Alyssa Antman of Concord described the sensitive and reassuring care she received during two difficult and painful visits to the Equality Health Center in Concord for a problem with birth control medication. She said the restriction would put thousands of women at risk of losing access to life-saving health care.
“We should all be able to agree that funding community services such as cancer screenings and birth control is good for the health of our communities and the overall economy. We should be working on expanding access to the services, not stripping them away.”
Kristine Stoddard, policy director at Bi-State Primary Care, asked senators to add $1.2 million to the budget to replace federal family planning dollars that Donald Trump’s “gag rule” has withheld from providers who counseled women and families on abortion. The state’s family planning centers opted to forgo the money rather than cease discussion of abortion with patients.
President Joe Biden has proposed removing the rule, but family planning providers are anticipating a gap in funding before the federal money is once again available.
"The People’s Budget"
Several people testified against the budget, proposing that it be replaced by “The People’s Budget,” which was drafted by a coalition of organizations. Members of the People’s Budget Campaign gathered outside of the State House in advance of the hearing with signs that read, “We demand transparency” and “This bill deserves an F.”
“We deserve better,” said Maggie Fogarty of the American Friends Service Committee, a Quaker organization that works for peace and social justice. “The People’s Budget coalition came together to help inspire us to dream bigger and to demand better when it comes to our state budget, that sadly, our imagination collectively has been anemic,” Fogarty said.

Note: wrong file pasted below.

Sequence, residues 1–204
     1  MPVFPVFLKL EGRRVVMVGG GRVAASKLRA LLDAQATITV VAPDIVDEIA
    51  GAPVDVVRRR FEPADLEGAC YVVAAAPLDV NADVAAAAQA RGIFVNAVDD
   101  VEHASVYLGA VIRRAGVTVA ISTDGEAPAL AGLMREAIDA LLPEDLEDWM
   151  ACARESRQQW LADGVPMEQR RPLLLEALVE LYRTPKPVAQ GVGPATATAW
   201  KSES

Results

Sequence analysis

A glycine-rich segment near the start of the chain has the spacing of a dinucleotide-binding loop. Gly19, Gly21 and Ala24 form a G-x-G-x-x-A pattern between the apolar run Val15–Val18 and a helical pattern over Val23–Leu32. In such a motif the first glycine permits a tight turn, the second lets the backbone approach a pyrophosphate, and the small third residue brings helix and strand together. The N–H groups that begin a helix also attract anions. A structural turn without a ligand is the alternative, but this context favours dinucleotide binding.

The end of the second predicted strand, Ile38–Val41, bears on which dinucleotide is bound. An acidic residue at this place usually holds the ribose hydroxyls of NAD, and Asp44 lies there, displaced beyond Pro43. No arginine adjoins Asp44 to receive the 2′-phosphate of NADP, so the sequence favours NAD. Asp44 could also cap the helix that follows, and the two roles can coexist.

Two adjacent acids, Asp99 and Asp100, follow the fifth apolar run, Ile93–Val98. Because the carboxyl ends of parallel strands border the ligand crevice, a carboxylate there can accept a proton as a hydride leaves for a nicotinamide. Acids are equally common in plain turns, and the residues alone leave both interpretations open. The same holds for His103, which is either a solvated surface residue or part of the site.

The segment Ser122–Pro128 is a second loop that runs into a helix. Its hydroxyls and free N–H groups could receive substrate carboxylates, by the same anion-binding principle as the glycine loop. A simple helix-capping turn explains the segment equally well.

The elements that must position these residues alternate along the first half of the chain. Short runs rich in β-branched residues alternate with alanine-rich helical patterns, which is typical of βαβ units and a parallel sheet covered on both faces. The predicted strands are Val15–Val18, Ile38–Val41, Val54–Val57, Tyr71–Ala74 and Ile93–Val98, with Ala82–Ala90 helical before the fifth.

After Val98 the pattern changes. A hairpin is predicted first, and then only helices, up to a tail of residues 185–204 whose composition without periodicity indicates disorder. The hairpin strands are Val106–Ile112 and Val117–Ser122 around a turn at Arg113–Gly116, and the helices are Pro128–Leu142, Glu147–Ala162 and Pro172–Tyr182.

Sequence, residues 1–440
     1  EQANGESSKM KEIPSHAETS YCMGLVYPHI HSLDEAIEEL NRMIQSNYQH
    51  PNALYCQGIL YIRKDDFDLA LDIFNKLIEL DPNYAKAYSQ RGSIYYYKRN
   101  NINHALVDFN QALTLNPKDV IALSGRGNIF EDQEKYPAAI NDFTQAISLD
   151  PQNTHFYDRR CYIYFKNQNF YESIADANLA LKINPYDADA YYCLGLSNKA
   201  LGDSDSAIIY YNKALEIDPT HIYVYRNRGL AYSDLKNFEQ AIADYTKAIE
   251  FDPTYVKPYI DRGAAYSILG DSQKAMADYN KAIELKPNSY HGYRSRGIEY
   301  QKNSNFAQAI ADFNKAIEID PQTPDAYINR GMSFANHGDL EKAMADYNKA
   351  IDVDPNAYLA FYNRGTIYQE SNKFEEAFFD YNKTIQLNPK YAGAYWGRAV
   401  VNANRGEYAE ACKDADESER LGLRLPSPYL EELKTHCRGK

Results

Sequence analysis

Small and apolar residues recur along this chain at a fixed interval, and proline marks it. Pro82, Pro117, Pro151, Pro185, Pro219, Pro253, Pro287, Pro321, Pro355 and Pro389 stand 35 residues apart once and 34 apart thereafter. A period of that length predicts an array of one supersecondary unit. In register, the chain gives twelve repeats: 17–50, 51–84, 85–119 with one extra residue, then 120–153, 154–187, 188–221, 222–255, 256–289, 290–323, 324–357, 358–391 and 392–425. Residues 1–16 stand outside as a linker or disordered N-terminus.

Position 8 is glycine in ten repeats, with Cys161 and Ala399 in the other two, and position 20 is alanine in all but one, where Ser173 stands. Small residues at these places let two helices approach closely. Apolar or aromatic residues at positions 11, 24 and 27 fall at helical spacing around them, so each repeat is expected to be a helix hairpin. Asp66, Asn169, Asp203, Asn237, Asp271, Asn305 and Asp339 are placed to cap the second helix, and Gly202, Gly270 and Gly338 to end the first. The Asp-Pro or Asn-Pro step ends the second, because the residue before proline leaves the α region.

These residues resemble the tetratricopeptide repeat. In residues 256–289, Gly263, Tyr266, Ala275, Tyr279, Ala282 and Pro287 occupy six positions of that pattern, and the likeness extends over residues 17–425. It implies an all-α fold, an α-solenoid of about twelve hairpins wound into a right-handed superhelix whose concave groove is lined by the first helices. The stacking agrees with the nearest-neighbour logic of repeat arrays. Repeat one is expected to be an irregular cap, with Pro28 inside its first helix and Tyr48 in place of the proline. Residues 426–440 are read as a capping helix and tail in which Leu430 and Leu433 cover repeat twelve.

Those demands include affordable housing for everyone, high-quality education, good health care for all, mental health care, clean air and water, and a $15 minimum wage, among other issues. The coalition sent a letter to lawmakers detailing its ideas for a better budget.
Reverend John Gregory of the American Congregational Church also testified in opposition to the budget. He proposed the People’s Budget as an alternative that lawmakers should adopt. Gregory also said the business profits and enterprise tax cuts would primarily benefit 76 large multinational corporations.
“The budget bails out the wealthiest, while adding burden to struggling Granite Staters,” Gregory said. “This is not the hallmark of a balanced, healthy budget.” He advocated for “progressive taxation.”
The coalition is made up of around 20 organizations that are advocating for eight “pillars of justice,” according to a news release. Participating organizations include the New Hampshire Poor People’s Campaign, Voices of Faith, and the Kent Street Coalition, among others.
Medicaid funding for dental care
In 2019, the Legislature passed legislation allowing the expansion of Medicaid to include dental benefits. Gov. Sununu signed the bill, saying it would be the first time the state provided quality routine dental care to adults with disabilities and others covered by Medicaid.
But it’s never been funded. Several parents of children with disabilities pleaded Tuesday with senators to do so.
“The data is clear,” said Lisa Beaudoin, executive director of ABLE NH. “People with poor oral health struggle to secure employment. People with disabilities already face discrimination in our society, from potential employers who believe the myth that people with disabilities are not quite worthwhile employees. Which employer is going to hire a person with a disability whose mouth is full of decay and in periods of pain?”
Jennifer Bertrand of Mont Vernon said with support from the state Department of Developmental Services, her 21-year-old daughter has been able to remain at home and attend her local high school, rather than be institutionalized. She said Medicaid coverage for her dental care is no less important. “Chloe, like other adult individuals with developmental disabilities, need access to dental to a dental benefit to maintain their oral health so that they can continue to be productive, stay healthy, and work,” she said.